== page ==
Deadly Deceit by Lisa Diaz
New Concepts Publishing
Contemporary Romantic Suspense
ISBN: 1-58608-995-1
Reviewed by Hunter

   

 

Melanie Harris has worked damned hard to make it to where she is. Despite the fact that her father owned the business, she wasn’t handed everything, as people had always thought. And now that she’s built the business into something bigger, especially with the Bernstein deal coming up, she’s not about to let anything get in the way of that. Including the recently-released, murderous husband of her dead cousin. But when the board votes to let Mark Richards return, Melanie has to project a professional attitude, suck it up, and work with him. And now that there’s a problem with the Grand Hotel, they’re going to be working much closer than Melanie ever dreamed.

Mark Richards has just spent six months in jail for a crime he didn’t commit. He never could have murdered Shauna, not in a million years. Now that he’s free, he vows he’ll do whatever it takes to find the person responsible for the crime. Once he gets back to work and finds the real culprit, everything will be okay. Even with the controlling interest in Harris Development, he knows he’s going to have a hard time convincing his late wife’s cousin to accept him. But working with her has led him to discover much more than he wanted to uncover, both personally and professionally.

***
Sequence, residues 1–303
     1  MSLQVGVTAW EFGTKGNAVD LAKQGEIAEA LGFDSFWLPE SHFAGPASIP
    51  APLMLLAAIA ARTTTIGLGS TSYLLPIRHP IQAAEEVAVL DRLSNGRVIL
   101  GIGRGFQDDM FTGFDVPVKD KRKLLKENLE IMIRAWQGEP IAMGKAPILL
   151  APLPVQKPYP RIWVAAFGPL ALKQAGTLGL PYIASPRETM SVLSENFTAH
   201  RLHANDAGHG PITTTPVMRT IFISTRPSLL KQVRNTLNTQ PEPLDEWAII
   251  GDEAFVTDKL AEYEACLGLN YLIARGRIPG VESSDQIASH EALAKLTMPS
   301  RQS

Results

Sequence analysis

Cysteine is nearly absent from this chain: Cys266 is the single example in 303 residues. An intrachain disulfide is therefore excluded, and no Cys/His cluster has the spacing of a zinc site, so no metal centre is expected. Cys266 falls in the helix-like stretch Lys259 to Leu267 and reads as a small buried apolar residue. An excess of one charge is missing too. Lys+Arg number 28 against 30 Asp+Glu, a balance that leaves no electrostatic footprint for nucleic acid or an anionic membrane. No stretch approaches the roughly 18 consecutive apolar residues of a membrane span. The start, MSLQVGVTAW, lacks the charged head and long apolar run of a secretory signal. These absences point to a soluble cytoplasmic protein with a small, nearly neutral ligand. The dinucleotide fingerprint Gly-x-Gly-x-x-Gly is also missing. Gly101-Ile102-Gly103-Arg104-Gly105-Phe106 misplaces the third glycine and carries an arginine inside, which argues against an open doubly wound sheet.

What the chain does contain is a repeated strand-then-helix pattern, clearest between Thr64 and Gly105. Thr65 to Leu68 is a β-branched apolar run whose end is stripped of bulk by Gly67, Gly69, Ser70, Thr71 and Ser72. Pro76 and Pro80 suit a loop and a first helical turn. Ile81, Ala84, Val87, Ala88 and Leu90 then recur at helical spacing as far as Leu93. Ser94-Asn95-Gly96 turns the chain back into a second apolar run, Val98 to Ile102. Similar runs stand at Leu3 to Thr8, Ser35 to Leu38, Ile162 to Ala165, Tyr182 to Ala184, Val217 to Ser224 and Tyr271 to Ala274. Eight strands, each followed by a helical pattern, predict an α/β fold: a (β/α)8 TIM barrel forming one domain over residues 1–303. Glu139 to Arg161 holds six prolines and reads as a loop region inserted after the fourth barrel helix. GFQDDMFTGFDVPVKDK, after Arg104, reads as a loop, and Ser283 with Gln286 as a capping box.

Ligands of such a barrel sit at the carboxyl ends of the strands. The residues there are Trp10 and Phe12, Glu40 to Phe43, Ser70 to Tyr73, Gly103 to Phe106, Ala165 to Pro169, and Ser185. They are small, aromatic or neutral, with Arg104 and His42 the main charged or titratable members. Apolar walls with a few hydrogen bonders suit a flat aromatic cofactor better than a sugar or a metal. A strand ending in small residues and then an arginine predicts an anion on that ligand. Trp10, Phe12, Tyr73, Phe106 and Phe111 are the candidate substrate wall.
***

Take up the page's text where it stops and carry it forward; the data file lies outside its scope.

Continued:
I enjoyed Deadly Deceit. The storyline was intricately and carefully woven, but there were a few things that irked me. The editing staff at NCP missed more than a few things, pulling me out of the story many times, i.e. “escaladed” instead of “escalated.” It was tiresome to read so many mistakes in one story, and they were all easy catches. Another thing I found irksome was the excessive name dropping. Who really asks someone in they want a La Croix instead of just offering them a water? The countless references to Oscar de la Renta perfume and Gucci purses was over the top. A good description of the characters would have left the readers knowing of their expensive tastes much better than the name-dropping. Besides those two things, I really did enjoy the story. I think with some tweaking and re-editing, this would be a much better read without all the diversions.

     

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